If you want to see the face of Africa's newest nation, visit the riverbank by the port of Juba, soon to be the capital city of South Sudan. This is the disembarkation point for tens of thousands of people who fled a war and are now returning home. They come up the Nile in overcrowded barges from Khartoum, where they have been living in makeshift camps. Most arrive with pitifully few possessions. But you can feel the hope in the air.
"This is our country, our home," says Helen Gudulo, a 23-year-old mother of three waiting to return to her village in Western Equatoria state. "The camps were a prison. We lived in fear. Now we have hope. My dream is peace, a better future and education for my children."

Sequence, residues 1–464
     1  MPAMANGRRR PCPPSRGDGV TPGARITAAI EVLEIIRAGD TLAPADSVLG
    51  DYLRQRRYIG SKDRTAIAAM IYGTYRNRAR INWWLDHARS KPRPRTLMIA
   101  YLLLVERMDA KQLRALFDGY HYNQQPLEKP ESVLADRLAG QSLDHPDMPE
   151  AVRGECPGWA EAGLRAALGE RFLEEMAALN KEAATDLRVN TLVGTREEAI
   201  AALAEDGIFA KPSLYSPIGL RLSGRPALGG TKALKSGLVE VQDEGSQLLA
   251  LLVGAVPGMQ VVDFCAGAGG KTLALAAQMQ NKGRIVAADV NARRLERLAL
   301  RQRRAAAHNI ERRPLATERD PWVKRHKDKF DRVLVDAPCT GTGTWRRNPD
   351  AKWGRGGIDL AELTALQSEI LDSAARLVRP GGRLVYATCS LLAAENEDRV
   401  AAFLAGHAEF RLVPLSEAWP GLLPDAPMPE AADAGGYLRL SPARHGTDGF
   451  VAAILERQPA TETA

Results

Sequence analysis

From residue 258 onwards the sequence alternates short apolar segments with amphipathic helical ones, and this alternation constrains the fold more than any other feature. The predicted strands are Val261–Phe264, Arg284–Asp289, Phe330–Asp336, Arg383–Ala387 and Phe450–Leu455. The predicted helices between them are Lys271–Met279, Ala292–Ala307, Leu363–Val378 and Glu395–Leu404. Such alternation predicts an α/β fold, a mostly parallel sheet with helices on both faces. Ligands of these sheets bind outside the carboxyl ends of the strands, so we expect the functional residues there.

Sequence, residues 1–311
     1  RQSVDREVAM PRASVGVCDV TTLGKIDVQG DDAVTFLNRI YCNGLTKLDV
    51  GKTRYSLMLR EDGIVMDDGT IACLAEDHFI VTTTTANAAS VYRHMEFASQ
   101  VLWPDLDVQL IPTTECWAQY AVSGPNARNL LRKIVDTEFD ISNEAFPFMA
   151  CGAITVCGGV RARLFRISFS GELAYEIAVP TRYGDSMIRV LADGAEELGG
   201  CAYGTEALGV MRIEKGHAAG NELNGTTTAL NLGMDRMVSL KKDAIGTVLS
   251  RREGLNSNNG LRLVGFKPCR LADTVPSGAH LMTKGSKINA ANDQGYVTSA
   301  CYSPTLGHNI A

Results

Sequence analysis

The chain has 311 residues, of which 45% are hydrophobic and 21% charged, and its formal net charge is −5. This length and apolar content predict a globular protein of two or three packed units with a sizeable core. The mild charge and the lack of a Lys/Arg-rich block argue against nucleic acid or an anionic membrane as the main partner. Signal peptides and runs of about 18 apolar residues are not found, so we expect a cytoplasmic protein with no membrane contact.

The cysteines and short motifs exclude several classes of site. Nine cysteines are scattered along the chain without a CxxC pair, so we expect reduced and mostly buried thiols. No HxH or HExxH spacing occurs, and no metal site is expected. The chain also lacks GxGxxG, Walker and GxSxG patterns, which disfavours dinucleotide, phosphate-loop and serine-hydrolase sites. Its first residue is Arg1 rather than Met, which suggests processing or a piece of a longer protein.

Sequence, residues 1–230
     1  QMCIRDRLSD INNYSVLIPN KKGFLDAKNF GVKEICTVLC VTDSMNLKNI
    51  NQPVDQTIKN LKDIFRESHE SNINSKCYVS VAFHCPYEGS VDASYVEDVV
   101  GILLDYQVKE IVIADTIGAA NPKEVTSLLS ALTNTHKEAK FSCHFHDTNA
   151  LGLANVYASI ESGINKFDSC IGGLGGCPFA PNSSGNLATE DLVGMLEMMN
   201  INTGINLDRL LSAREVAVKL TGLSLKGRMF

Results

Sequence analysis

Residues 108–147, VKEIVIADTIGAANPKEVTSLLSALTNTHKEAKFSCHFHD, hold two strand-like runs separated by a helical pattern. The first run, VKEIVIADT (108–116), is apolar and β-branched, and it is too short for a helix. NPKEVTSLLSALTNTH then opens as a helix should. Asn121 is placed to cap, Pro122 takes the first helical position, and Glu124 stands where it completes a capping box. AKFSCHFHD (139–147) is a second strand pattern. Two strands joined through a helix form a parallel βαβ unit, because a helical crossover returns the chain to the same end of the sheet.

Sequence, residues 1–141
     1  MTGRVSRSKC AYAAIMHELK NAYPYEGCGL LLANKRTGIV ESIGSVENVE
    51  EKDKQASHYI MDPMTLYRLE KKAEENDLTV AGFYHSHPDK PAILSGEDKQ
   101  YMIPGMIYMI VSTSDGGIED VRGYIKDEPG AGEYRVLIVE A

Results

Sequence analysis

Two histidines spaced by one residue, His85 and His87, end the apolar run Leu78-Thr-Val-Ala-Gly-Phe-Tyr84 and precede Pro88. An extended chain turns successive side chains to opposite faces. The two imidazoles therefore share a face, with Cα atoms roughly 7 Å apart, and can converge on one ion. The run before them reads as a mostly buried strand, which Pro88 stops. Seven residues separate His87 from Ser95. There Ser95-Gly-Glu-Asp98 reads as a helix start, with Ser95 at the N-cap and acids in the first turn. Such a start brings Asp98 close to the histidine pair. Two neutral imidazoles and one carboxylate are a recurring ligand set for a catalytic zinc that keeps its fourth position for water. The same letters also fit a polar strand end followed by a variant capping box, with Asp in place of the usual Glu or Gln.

Next week, six years after a peace accord that ended two decades of war, the predominantly African and Christian people of southern Sudan will secede from the Arab-dominated north. Independence is an opportunity to break a deadly cycle of violence and poverty. One in three of South Sudan's children are severely malnourished. Maternal mortality rates are the highest in the world. More than half of primary school age children are not in school. With a population roughly the size of London, the new country has less than 400 girls in the last grade of secondary school. In fact, young girls are more likely to die in pregnancy or childbirth than achieve literacy.
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